This is a phenomenon that has certainly grown over the last few years, as “geek culture” in general has become more and more ingrained in our daily lives. It also isn’t necessarily one-sided, as anyone who has written anything negative about a DC Comics film in the last two years can tell you. In a lot of ways, entertainment writing sort of became the snake eating its own tail. As the content got more and more negative, the fan reactions to that content did the same. This in turn reinforced the content, which reinforced the “fans,” which created a problem that only got worse as time went on.
What’s New with Entertainment Writing? Optimism
With all that in mind, the solution to this problem becomes incredibly clear: entertainment writers need to make a collective effort to simply not be that anymore. It isn’t doing anybody any good–from the men and women working hard to create the content we love to the people who get frustrated and try to shut down sites like Rotten Tomatoes when the journalism community writes something that they don’t like.
Again, it all comes back to Guillermo del Toro. It’s not about tearing down something you hate. It’s about building up something you love. That’s how entertainment writing started and that’s what it needs to return to, pronto.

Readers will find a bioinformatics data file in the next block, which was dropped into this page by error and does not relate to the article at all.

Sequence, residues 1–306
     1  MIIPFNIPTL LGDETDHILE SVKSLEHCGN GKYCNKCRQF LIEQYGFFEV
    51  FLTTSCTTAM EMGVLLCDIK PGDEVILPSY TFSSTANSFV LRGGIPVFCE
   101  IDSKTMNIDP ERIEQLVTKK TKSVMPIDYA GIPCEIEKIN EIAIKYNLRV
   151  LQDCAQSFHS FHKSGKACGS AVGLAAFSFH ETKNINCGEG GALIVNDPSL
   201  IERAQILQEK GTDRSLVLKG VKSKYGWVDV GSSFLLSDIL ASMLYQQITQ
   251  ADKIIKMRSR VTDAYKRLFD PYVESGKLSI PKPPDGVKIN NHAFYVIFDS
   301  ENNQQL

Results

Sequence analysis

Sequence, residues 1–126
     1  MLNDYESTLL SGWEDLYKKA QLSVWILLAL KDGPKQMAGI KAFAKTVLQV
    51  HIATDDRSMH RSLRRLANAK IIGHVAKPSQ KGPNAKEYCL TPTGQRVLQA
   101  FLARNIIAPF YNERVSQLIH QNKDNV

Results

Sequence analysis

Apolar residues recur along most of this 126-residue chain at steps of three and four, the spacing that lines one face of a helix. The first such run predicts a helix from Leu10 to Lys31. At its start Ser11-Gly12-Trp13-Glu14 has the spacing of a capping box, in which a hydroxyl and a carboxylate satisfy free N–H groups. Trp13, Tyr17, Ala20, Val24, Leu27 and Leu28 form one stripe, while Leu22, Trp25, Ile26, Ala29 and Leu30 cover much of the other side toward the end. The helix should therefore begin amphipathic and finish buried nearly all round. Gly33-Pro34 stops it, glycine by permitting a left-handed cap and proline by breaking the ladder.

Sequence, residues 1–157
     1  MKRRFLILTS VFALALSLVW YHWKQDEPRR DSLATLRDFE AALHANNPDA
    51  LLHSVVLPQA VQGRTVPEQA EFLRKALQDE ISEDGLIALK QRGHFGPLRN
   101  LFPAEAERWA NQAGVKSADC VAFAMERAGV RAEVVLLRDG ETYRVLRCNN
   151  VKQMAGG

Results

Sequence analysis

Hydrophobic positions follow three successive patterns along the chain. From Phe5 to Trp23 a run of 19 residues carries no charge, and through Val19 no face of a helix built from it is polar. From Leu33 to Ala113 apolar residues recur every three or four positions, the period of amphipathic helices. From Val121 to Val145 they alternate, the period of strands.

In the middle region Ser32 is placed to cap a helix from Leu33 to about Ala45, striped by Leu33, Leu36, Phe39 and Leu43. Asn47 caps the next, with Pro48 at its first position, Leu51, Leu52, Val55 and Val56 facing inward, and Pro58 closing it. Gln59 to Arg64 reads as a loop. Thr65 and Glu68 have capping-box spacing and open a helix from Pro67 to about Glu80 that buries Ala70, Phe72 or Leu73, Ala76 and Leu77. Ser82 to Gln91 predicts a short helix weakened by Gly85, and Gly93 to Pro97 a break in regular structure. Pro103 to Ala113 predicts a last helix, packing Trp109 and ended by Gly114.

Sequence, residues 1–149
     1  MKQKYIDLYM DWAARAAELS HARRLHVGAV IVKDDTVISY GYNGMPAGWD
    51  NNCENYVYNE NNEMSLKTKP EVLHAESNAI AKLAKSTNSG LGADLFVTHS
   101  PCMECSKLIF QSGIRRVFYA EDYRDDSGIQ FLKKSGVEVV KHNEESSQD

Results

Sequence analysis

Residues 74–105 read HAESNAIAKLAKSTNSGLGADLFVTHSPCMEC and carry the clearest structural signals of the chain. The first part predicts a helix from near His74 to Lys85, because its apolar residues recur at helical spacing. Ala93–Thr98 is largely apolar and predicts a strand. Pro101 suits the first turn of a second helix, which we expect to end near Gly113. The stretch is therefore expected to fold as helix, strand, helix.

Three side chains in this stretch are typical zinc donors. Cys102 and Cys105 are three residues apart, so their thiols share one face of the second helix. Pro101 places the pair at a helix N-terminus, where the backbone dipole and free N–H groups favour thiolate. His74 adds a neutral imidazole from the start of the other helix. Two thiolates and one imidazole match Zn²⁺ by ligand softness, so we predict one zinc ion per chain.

To put it another way, entertainment content marketing news doesn’t have to be negative to get people to click on it. It just has to be news.
Nobody is saying that marketers need to hire entertainment writers to put an overwhelmingly positive spin on every story. Likewise, nobody is saying that we need to start pretending that all films or television shows are perfect. However, it IS time to start seeing the forest for the trees–or at least to make a passing attempt to do so.
No film is perfect, not even Star Wars. The first Star Wars film has a plot-hole so glaring that Lucasfilm would eventually create an entire film in an attempt to explain it away. But that doesn’t change the fact that Star Wars is terrific.
To that end, one of the most important entertainment writing tips these days is also one of the most simple. Don’t start from a place of “here is what is wrong with everything.” Try to remember why you loved your favorite films, shows, comics or novels in the first place and begin from the mentality of “I love this, and I want you to love it, too.”
The savvy entertainment writers and content marketers out there, the ones who realize all of this today and take steps towards course correction sooner rather than later, are the ones who are still going to be around five or even ten years from now.
About the author
Stephen L earned his Bachelor of Arts in Film and Video Production at the University Of Toledo College Of Performing Arts in Toledo, Ohio. In addition, he also worked for a big box electronic retailer for three years specializing in high definition audio and video equipment as well as computers and software. He has created almost ten thousand pieces of SEO-driven content for various online clients on topics ranging from the entertainment industry, electronics, computer operating systems and general technology.